WASHINGTON — Majority Leader Steve Scalise, R-La., on Thursday night informed Republicans in a closed-door meeting that he was dropping his bid to be House speaker, one day after he captured the GOP’s nomination for the top job.
Moments later, Scalise, the No. 2 Republican in leadership, confirmed the news to reporters outside the room.
“I just shared with my colleagues that I’m withdrawing my name as candidate for the speaker designee,” Scalise said after walking out of the room.
“Our conference still has to come together and is not there. There are still some people that have their own agendas. And it was very clear we have to have everybody put their agendas on the side and focus on what this country needs. This country is counting on us to come back together,” Scalise continued.
“This House of Representatives needs a speaker and we need to open up the house again. But clearly, not everybody is there. And they’re still schisms that have to get resolved.”
Scalise’s stunning decision came after he held three hours of meetings with GOP detractors and allies, and failed to flip any of his critics to the yes column. It became clear at that point that Scalise would not be able to secure the 217 GOP votes needed to be elected speaker on the House floor.
The decision throws the House into further turmoil, nine days after an unprecedented move by eight Republican rebels to oust former Speaker Kevin McCarthy, R-Calif., mid-session. It is unclear who can find the votes to unify the fractured — and narrow — majority of 221 House Republicans.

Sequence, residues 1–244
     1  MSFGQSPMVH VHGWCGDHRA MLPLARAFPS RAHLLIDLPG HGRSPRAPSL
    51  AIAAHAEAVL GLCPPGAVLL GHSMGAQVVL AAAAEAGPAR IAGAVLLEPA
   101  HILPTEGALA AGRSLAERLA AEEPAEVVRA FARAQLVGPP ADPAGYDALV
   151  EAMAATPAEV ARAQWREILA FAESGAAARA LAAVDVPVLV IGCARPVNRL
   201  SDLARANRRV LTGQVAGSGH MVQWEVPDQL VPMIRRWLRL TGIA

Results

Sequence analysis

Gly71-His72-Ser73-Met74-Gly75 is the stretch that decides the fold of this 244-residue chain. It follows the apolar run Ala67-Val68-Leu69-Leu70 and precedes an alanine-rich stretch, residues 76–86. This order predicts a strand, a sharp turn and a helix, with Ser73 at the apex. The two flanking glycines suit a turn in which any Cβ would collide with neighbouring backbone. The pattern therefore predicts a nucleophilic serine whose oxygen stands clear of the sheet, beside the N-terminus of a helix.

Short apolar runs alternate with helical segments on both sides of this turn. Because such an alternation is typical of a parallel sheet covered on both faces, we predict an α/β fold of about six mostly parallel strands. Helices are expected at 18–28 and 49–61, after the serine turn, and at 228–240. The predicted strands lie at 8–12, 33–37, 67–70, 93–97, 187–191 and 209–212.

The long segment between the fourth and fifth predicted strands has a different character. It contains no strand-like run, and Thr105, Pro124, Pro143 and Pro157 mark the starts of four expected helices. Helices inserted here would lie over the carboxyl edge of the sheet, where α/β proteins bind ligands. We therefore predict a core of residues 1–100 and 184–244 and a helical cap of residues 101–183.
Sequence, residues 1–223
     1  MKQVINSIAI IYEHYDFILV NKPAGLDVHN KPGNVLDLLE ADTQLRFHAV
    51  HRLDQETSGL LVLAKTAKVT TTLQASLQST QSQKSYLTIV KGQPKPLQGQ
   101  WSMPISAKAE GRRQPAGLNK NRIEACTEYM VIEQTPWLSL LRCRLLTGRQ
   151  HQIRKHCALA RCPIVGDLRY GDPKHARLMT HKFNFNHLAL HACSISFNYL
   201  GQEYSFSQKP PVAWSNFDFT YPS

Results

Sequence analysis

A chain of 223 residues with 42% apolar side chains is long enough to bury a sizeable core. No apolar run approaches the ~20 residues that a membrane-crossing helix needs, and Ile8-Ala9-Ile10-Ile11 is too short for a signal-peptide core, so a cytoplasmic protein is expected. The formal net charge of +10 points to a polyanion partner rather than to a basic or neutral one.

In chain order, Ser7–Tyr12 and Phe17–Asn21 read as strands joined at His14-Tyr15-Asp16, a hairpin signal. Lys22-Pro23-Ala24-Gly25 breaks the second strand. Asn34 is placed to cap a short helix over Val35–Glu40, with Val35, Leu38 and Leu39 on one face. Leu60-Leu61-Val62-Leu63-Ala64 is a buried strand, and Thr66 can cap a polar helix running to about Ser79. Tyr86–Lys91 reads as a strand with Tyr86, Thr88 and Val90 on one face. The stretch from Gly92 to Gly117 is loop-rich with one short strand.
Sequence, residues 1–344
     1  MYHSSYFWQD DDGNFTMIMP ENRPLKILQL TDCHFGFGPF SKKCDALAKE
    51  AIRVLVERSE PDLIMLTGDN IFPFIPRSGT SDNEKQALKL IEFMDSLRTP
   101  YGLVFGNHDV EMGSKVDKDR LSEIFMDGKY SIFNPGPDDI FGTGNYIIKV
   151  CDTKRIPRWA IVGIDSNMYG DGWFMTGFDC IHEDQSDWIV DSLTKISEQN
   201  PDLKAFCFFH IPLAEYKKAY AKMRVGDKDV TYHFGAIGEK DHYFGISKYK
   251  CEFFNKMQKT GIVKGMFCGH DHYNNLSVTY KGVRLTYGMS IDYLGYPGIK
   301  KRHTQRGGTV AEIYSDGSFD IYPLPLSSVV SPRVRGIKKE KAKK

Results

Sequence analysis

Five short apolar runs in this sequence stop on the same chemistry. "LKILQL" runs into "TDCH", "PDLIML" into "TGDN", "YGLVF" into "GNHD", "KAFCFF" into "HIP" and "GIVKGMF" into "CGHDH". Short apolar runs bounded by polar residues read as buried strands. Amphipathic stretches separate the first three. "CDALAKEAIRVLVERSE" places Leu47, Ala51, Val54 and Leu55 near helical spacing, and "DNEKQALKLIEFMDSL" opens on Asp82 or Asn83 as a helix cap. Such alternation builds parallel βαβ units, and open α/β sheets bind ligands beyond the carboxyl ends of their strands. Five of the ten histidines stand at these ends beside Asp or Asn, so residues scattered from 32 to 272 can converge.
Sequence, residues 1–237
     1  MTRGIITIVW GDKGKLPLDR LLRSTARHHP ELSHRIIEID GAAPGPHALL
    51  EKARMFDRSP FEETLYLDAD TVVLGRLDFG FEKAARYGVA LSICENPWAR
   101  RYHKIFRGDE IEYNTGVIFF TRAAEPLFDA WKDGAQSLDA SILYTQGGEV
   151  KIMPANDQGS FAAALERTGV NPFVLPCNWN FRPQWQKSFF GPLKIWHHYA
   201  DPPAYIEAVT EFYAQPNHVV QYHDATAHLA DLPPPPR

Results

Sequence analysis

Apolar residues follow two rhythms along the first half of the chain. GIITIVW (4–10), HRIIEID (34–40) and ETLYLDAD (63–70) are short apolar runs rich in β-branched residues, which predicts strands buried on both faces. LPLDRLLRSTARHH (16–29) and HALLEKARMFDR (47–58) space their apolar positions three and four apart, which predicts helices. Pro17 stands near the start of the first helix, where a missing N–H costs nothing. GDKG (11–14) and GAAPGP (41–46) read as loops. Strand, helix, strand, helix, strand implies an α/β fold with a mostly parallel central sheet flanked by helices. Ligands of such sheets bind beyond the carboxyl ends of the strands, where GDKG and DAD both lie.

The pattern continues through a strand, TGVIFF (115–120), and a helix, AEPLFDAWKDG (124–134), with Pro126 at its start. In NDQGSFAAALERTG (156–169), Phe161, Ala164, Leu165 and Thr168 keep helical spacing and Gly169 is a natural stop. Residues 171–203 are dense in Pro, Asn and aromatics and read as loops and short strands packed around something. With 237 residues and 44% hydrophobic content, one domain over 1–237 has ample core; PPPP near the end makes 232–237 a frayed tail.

Speaking to reporters, Scalise declined to say if he was throwing his support behind another candidate. “I’m not getting involved,” he said.
Scalise’s announcement came one day after he was nominated by Republicans in a secret-ballot vote to be the majority party’s speaker designee, defeating Rep. Jim Jordan, R-Ohio, by a vote of 113-99.
Moments after Scalise withdraw, Rep. Jim Banks, R-Ind., said Republicans should move forward with Jordan as their choice.
“I voted for Jim Jordan in the conference election yesterday and I remain committed to doing everything I can to help elect him the next Speaker of the House,” Banks said. “He is a conservative fighter and a leader who can unite our party.”
It’s also unclear Jordan, a right-wing firebrand who chairs the Judiciary Committee, could get 217 votes to secure the job.
Scalise won over some McCarthy opponents, most notably Rep. Matt Gaetz, R-Fla., but failed to flip others. His fate was likely sealed after he lost support from multiple Republicans who voted to keep McCarthy in the position, including Reps. Marjorie Taylor Greene, R-Ga., and Lauren Boebert, R-Colo.
This is a developing story. Please check back for updates.